Australia Post champions First Nations storytelling

Australia Post champions First Nations storytelling

Responding to Book Supply requests from Communities is one of the Indigenous Literacy Foundation’s (ILF) key priorities and an important part of Australia Post’s partnership with the ILF that began in 2020. 

To be able to support this program and share books - many that are written by First Nations authors and in a First Language and English - is incredibly rewarding and speaks to Australia Post’s commitments to both literacy and striving for greater reconciliation and recognition of First Nations peoples.

Yet getting these books to Communities is not always easy. 

Communities are often very remote and the last two years of hard lockdowns have reduced travel and access for many. Fortunately, Australia Post’s ‘essential service’ classification meant that we kept delivering throughout the pandemic – providing ongoing support and connection to the ILF and Communities.

Australia Post uses every part of its logistics network to support the ILF. 

While city-folk see posties on bikes, electric vehicles and in vans, people in remote locations get their mail in all sorts of ways. Huge B-double trucks criss-cross the country, light aircrafts touch down on small landing strips and barges are used to cross waterways to deliver to islands in the Torres Strait and Northern Territory.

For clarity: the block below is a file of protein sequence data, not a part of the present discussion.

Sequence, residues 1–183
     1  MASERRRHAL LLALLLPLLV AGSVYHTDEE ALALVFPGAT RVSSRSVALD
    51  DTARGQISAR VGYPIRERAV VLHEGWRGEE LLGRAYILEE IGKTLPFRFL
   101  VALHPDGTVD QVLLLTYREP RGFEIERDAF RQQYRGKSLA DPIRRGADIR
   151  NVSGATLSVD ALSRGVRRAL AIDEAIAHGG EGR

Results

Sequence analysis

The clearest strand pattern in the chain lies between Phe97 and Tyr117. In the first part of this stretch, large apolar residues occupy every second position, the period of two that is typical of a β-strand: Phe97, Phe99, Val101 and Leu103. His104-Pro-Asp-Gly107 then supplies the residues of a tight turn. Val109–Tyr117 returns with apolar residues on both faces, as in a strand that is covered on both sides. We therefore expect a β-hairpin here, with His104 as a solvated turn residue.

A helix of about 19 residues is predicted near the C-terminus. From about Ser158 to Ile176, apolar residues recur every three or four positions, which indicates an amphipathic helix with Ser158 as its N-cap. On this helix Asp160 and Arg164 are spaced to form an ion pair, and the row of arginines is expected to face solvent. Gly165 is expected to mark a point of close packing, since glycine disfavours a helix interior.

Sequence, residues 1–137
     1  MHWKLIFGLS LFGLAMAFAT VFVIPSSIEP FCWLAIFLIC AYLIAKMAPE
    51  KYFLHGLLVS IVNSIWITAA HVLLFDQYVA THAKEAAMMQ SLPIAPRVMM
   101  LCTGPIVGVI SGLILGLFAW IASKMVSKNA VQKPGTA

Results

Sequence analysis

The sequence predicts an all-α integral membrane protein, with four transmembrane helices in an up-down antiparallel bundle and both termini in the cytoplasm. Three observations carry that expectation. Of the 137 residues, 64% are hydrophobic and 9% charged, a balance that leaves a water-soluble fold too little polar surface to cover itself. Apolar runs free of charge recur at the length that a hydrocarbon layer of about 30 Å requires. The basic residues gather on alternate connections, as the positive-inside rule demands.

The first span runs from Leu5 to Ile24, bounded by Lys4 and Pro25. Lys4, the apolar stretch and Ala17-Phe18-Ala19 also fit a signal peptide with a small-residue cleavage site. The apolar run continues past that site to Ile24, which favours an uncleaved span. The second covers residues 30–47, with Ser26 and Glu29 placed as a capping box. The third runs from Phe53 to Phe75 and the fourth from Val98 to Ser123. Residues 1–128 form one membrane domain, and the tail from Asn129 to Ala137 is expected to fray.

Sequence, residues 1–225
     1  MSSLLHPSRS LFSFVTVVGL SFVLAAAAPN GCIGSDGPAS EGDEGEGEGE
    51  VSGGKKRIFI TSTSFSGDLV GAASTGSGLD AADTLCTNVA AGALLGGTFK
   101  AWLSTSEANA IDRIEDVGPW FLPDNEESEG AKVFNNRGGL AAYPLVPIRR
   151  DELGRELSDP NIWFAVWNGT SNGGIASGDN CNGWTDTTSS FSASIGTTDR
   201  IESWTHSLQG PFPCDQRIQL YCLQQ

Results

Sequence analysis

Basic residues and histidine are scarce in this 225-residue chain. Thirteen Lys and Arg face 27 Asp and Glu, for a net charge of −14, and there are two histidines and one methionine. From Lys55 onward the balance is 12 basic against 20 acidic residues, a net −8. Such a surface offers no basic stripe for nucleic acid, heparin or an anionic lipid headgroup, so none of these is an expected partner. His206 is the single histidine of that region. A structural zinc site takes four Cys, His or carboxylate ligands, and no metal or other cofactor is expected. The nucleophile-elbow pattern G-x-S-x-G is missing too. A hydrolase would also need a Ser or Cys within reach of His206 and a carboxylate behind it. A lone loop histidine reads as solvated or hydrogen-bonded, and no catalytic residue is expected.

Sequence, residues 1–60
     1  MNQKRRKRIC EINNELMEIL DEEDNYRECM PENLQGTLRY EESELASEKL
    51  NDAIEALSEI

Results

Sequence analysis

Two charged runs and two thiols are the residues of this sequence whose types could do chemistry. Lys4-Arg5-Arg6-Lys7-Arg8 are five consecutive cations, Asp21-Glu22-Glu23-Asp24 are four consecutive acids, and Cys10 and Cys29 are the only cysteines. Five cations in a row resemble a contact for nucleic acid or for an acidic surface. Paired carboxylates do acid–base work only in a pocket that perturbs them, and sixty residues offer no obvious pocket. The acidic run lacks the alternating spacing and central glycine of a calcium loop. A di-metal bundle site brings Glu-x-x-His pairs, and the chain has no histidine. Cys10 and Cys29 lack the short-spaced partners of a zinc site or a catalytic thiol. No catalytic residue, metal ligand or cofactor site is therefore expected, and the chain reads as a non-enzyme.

Since 2020, Australia Post has delivered 190,000 books for the ILF to 325 communities and by the end of 2022 we expect to reach the 300,000 mark! 

Book packs are heavy and can be expensive to transport so our partnership means that ILF can redirect hundreds of thousands of dollars of delivery costs back into the business of supporting remote Communities with more new, quality and culturally relevant books and learning resources for babies, kids, teens and families. 

The relationship we have built with the ILF is not only about deliveries. In November 2022 more than 700 Post Offices featured a special ILF fundraising decoration as part of its festive campaign. The decoration was a simple card that featured artwork by Whadjuk-Yuet-Balladong artist Kevin Bynder.


They were given to customers in return for a $2 donation to the ILF. Australia Post also accepted over-the-counter donations, invited customers of its Online Shop to make a donation, and encouraged customers to Round Up transactions in stores. In total $24,433.98 was raised for the ILF over the November-December period.

In May last year, Australia Post heroed the wonderful book, No Way Yirrikipayi, created by the children from Milikapiti School, Melville Island and Alison Lester, in its Post Offices. Customers were offered a glimpse of the story via bookmarks with a QR Code linked to an online reading of the story. The opportunity to enjoy this book was warmly received by Australia Post customers with around 4,000 people accessing the story. 

As a follow-up, Australia Post is offering for sale copies of Moli det Bigibigi written by Karen Manbulloo and illustrated by the Binjari Buk Mob, in more than 400 Post Offices in February-March this year. This is the first time an ILF-published, bilingual book has been offered in Post Offices and we are excited to see how it goes.

We encourage you to look out for this and other exciting Australia Post/ILF collaborations throughout the year as we continually seek to bring our wonderful partnership to life.

To find out more about the ILF/Australia Post partnership visit

Written by Emma McClements, Community Relationship & Partnership Manager, at Australia Post. 

  • Posted 18 February, 2022

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